Bulletin #4175, Vegetables and Fruits for Health: Carrots
Vegetables and Fruits for Health
Revised and updated by Extension Professor Kathleen Savoie
Originally developed by Extension Nutrition Specialist Nellie Hedstrom
Carrots, which are a member of the parsley family, were grown in New England as early as the middle 1600s. In addition to the orange ones we normally eat, carrots are also available in red, purple, yellow, black, and white varieties. About two billion pounds of carrots are grown in the United States each year, mainly in Texas, Wisconsin, Minnesota, and California. Maine-grown carrots are available from July through February.
The deep yellow to deep orange color of carrots indicates that they are an excellent source of carotene, which your body converts to the antioxidant, vitamin A. They are also a good source of vitamin C (also an antioxidant) and fiber. Carrot juice is a good source of potassium, which helps maintain a healthy blood pressure.
Choose smooth, well-colored, firm carrots. Avoid carrots that are wilted, flabby, or cracked, or that have large green areas at the top. Small carrots are more tender than large ones. If you buy carrots with the tops still on, make sure that they are bright green and fresh looking.
Store carrots in a closed plastic bag or container in the refrigerator. Carrots will keep well in the refrigerator for up to two weeks. Remove the leafy green tops before storing, because they absorb moisture from the carrots and cause them to shrivel. If carrots do become wilted, they can be re-crisped in cold water.
Raw: Carrot sticks are a colorful addition to a vegetable platter. Shred or slice carrots to add to a salad. To make raw carrots easier to chew, briefly steam or microwave them until they are crisp-tender.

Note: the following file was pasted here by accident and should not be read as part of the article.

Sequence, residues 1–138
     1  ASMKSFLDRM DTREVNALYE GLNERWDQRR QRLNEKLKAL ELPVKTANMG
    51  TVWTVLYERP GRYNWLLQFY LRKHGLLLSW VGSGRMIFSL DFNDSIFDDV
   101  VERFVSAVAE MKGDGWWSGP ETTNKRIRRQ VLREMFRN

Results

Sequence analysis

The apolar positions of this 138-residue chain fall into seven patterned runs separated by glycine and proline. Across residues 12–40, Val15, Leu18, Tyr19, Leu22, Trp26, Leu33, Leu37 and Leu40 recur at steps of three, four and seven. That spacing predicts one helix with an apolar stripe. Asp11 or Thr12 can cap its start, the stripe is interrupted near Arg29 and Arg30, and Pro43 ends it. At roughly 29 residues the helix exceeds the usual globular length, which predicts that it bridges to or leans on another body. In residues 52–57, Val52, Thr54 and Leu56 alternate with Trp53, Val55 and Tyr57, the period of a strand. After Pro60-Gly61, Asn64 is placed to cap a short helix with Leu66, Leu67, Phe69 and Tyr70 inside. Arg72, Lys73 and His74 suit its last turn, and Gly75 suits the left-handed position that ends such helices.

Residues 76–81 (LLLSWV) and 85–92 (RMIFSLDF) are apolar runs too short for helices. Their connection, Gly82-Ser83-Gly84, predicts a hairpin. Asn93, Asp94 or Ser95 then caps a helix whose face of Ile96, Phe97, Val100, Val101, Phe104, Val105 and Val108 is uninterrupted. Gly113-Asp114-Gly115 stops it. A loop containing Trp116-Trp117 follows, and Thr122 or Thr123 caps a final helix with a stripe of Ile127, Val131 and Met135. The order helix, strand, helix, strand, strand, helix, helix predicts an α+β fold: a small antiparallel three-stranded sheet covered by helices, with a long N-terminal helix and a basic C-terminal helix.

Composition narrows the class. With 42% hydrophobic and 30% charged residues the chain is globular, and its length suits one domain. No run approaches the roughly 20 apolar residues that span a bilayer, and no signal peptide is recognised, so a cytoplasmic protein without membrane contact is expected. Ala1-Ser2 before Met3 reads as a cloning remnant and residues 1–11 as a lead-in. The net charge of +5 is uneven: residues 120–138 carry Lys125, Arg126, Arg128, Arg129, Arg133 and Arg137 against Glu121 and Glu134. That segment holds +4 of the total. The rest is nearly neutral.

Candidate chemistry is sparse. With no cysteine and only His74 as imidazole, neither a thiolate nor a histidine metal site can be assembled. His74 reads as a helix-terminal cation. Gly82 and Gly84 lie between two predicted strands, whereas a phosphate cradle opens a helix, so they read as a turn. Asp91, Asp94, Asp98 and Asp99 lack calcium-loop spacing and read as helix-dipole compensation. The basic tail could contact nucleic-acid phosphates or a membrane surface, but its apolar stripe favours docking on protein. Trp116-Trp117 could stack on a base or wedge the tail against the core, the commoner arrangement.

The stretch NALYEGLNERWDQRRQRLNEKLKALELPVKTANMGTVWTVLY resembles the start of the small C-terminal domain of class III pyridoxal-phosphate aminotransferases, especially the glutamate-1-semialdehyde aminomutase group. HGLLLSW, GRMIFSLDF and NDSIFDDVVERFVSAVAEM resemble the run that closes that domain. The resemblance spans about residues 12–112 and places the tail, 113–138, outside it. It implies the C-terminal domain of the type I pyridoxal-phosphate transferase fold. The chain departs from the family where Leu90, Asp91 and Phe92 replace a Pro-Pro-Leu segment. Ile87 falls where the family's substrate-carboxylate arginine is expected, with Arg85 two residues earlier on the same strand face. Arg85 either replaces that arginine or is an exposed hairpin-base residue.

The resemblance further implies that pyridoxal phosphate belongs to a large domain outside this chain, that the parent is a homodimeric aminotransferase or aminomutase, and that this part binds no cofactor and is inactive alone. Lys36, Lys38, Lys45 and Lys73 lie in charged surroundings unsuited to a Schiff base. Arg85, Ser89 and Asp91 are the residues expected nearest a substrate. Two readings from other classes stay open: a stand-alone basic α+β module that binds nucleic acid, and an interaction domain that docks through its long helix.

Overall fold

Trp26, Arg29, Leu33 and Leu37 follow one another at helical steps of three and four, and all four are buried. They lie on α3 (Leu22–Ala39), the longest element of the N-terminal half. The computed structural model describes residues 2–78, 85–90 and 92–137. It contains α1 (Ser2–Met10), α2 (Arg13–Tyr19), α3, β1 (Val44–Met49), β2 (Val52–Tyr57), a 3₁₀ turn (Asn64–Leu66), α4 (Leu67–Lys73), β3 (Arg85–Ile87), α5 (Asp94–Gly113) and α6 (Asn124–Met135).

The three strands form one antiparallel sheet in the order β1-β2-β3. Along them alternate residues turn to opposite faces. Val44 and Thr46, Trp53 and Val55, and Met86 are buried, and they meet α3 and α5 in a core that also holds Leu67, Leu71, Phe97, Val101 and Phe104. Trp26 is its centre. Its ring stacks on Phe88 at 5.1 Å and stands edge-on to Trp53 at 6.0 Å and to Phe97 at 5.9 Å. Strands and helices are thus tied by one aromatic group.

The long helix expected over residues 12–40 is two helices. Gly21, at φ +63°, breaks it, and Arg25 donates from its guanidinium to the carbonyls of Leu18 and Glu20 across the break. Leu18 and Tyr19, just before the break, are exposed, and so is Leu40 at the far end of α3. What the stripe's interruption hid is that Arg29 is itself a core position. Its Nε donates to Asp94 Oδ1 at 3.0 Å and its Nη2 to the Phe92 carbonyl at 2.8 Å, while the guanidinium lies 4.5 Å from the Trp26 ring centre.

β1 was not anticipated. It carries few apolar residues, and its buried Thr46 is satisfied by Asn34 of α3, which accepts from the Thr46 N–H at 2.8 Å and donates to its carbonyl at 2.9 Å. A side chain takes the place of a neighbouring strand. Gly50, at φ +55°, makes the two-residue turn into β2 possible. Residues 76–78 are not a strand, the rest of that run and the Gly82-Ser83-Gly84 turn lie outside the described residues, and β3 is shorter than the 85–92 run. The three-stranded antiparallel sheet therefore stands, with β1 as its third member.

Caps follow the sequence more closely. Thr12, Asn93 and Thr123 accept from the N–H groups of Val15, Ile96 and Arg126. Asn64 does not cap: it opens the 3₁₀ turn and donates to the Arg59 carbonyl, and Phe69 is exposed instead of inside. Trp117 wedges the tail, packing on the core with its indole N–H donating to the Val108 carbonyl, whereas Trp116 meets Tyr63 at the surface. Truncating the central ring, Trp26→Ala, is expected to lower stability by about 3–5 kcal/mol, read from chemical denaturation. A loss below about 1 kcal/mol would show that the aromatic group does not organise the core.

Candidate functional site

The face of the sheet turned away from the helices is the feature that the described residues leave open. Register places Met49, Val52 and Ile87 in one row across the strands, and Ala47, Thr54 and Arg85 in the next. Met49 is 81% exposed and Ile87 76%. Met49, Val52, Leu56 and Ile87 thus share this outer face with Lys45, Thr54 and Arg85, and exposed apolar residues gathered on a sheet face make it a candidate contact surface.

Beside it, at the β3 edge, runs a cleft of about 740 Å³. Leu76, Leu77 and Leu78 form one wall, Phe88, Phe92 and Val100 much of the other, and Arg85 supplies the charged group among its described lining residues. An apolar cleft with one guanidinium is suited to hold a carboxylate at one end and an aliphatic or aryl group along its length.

Steaming: Peel and cut carrots into quarter-inch slices. Steam until crisp-tender (8 to 10 minutes for 2 cups). To steam, bring an inch of water to a boil and place a colander or a collapsible steaming basket in the pot. Put the vegetables in the colander or steamer and cover it tightly. Reduce heat to medium-low, but make sure that the temperature is high enough to keep the water bubbling.
Microwaving: Peel and cut carrots into quarter-inch slices and place in a 1-quart covered dish. Add 2 tablespoons of water and microwave. Microwave 2 cups of cut carrots at high power for 3 to 7 minutes. Make sure to stir once during cooking.
Flavor Enhancers: Dill, coriander, tarragon
16 ounces baby carrots
2 tablespoons butter or margarine
2 tablespoons brown sugar
1 tablespoon Dijon mustard
1/2 teaspoon ground ginger
1/4 teaspoon salt
In a saucepan, bring carrots to a boil. Reduce heat; cover and cook for 10 to 12 minutes or until tender. Drain. Place carrots in a serving dish and keep warm. In the same pan, melt butter. Add brown sugar, mustard, ginger, and salt; cook and stir over medium heat until sugar is dissolved. Pour over carrots and toss to coat.
3 cups fresh grated carrots
2 unpeeled red apples, chopped
1/2 cup raisins
1/4 cup toasted slivered almonds (optional)
1 cup low-fat plain yogurt
3 tablespoons low-fat mayonnaise
1 tablespoon lemon juice
Combine carrots, apples, raisins, and almonds in a salad bowl. Blend together remaining ingredients in a separate bowl and add to carrot mixture. Serve on salad greens.
Some content adapted with permission from University of Massachusetts Cooperative Extension.
Information in this publication is provided purely for educational purposes. No responsibility is assumed for any problems associated with the use of products or services mentioned. No endorsement of products or companies is intended, nor is criticism of unnamed products or companies implied.
Published and distributed in furtherance of Cooperative Extension work, Acts of Congress of May 8 and June 30, 1914, by the University of Maine and the U.S. Department of Agriculture cooperating. Cooperative Extension and other agencies of the USDA provide equal opportunities in programs and employment.
Call 800.287.0274 or TDD 800.287.8957 (in Maine), or 207.581.3188, for information on publications and program offerings from University of Maine Cooperative Extension, or visit extension.umaine.edu.
The University of Maine does not discriminate on the grounds of race, color, religion, sex, sexual orientation, including transgender status and gender expression, national origin, citizenship status, age, disability, genetic information or veteran’s status in employment, education, and all other programs and activities. The following person has been designated to handle inquiries regarding non-discrimination policies: Director, Office of Equal Opportunity, 101 North Stevens Hall, 207.581.1226.